The Phoenix Nest

The Grand Fossil Tour Begins at My Olympia Home

The Grand Fossil Tour Begins at My Olympia Home

With a Story about the Cat and the Rabbit

By Jim Fulton

About This Page

A Message from the Phoenix

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Abstract

I launched the Grand Fossil Tour from what had been my home of 18 years in Olympia, Washington. It seems fitting to treat it as the first stop on the journey. Who knows, you might want to know where I'm coming from.

Page Prerequisites
Page Specifications
Id Flights_GFT_1998
Title The Grand Fossil Tour Begins at My Olympia Home
Subtitle With a Story about the Cat and the Rabbit
Keywords
Author Jim Fulton
Author's URL https://fenixnest/Phoenix/
Copyright 2017
Status Published: 2017/9/09
Last Revised 2018-09-03
Stop My Olympia Home
Arrived 1998
Departed 2017/td>
Mileage on arrival
Map miles from last stop
Actual miles from last stop
Accumulated miles for trip 0
Photos Gallery for Olympia
1999. Thanksgiving Photos.
1999. Thanksgiving Photos.
1999. Thanksgiving Photos.
1999. Thanksgiving Photos.
2002. Mac and I.
2002. Mac and I.
2002. Marilynn and I.
2002. Marilynn and I.
2002. Marilynn and I.
2002. Marilynn and I.
2003. Marilynn.
2003. Marilynn.
2003. Jim.
2003. Me.
2007. Family.
2007. Family.
2010. Trystan.
2010. Trystan.
2011. House Photos.
2011. House Photos.
2011. House Photos.
2011. House Photos.
2011. House Photos.
2011. House Photos.
2011. House Photos.
2011. House Photos.
2011. House Photos.
2011. House Photos.
2011. House Photos.
2011. House Photos.
2011. House Photos.
2011. House Photos.
2011. House Photos.
2011. House Photos.
2011. House Photos.
2011. House Photos.
2011. House Photos.
2011. House Photos.
2011. House Photos.
2011. House Photos.
2011. House Photos.
2011. House Photos.

I launched the Grand Fossil Tour from what had been my home in Olympia, Washington. It seems fitting to treat it as the first "stop" on the journey. Who knows, you might want to know where I'm coming from.

Thurston County

For almost two decades I referred to Olympia, Washington as my home, longer than any other place in my life. Of course, I didn't actually live in Olympia. I lived just outside Lacey, in Thurston County. But during that time I became quite familiar not only with Olympia, Lacey, Tumwater, and the smaller communities that surrounded.

Olympia is economically healthy if not wealthy. Unlike the towns where I grew up in Kansas, the downtown business district is filled with viable shops, not empty store fronts. True, the shops are not magnet stores that will draw patronage to spill over into their neighbors. Like most towns in America, those strong stores have moved away from the downtown to the cheaper edges of the city. But downtown Olympia does all right, and makes the broader community seem healthy.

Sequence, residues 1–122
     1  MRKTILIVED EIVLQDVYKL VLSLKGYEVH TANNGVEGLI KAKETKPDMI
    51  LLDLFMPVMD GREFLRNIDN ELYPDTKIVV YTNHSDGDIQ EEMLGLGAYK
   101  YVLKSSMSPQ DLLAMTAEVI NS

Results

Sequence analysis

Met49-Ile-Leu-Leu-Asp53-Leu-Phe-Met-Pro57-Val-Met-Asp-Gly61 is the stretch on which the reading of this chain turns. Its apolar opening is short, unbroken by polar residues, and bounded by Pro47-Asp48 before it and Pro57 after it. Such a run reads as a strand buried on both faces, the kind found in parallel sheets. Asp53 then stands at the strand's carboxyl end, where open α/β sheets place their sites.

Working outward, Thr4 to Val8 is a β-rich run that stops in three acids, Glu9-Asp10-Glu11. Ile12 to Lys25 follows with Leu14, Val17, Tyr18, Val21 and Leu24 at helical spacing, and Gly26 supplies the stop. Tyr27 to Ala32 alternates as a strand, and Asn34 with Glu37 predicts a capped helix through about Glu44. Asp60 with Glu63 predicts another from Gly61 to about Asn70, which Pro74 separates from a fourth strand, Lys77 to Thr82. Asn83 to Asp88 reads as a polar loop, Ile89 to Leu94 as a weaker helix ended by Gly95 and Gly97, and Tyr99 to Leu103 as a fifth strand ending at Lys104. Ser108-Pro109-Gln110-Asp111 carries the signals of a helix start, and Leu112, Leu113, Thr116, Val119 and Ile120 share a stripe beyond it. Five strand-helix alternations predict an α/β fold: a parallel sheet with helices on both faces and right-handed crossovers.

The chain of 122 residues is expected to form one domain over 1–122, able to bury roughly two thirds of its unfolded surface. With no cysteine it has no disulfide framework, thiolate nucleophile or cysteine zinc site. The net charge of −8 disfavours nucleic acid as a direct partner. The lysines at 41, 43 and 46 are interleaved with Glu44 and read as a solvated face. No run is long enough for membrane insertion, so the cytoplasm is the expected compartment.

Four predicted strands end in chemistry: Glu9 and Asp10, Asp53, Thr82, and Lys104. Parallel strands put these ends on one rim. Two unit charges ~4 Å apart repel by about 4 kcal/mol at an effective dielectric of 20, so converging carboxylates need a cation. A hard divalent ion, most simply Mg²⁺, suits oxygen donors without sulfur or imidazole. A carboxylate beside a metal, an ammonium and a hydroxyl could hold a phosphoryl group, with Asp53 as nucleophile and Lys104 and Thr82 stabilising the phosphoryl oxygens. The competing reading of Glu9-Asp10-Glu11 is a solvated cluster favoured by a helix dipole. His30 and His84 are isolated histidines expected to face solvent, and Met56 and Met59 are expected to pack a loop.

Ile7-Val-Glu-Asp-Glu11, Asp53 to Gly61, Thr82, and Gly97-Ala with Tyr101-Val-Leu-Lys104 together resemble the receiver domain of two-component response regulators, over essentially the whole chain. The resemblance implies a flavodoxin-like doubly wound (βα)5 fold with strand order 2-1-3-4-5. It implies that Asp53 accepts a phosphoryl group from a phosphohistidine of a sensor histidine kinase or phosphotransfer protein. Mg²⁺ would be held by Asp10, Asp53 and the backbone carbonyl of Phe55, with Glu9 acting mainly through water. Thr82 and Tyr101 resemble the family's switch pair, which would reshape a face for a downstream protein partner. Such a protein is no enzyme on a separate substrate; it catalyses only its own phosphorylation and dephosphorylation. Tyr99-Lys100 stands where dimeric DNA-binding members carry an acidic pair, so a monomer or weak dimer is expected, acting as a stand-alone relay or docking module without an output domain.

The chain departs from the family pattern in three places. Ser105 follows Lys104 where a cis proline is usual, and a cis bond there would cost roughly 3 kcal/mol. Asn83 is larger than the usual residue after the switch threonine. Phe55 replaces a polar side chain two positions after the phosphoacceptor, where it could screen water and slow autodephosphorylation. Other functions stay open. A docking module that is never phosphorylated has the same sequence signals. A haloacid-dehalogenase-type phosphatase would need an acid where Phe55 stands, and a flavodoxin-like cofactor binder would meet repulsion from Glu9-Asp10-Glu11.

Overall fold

Olympia is, as you may know, the capital of the State of Washington. Historically, the cities of Seattle and Tacoma, like other large cities, have leaned to the political left, and they were just large enough for their voters to slightly outnumber the voters from the right-leaning rural areas. The result is that state workers, and thus Thurston County as a whole tends to vote Democratic. My governor, senators, Congressional representatives, legislators, county officers, and so on are all Democrats. Which means there's very little I can do locally to affect the absurdities of the current balance of power in Washington, D.C. I can only scream from the sidelines.

"Journey" to Olympia

Since Olympia is the starting point of the tour, this is a null leg of the journey, but at least I can show you where I began.

Story Time

When I set out my itinerary, I promised you a story in these blogs. I said I'd tell you stories not only of my travels and where I'd been and what I'd seen, but about what I been thinking, for this is a journey of the noösphere, not just the geosphere. Since this is the first entry in the series, and it tells not of a new place I've gone, but where I've been for many years, a baseline as it were, it seems appropriate to include a little tale that will serve as a baseline for stories to come. This tale is fiction, but it is not fantasy. As the Kingston Trio warned in their song M.T.A., "This could happen to you."

It's late April. Your front lawn is dappled but not yet warmed by the long light of the early morning sun filtering through the new growth on the bushes and trees surrounding your yard. The scene is chilly, but you're cozy in your easy chair, cuddling a warm mug, wrapped in the afghan your mother crocheted for you, fireplace ablazing, a book opened but unread in your lap, as you watch drowsily through the window. After a long winter, it's nice just to sit and enjoy the promise of spring.

Your eyes are following their random saccade around the yard, when you notice a rabbit in a shaded corner, contentedly munching what looks to be new clover. You smile at his blissful ignorance of your scrutiny.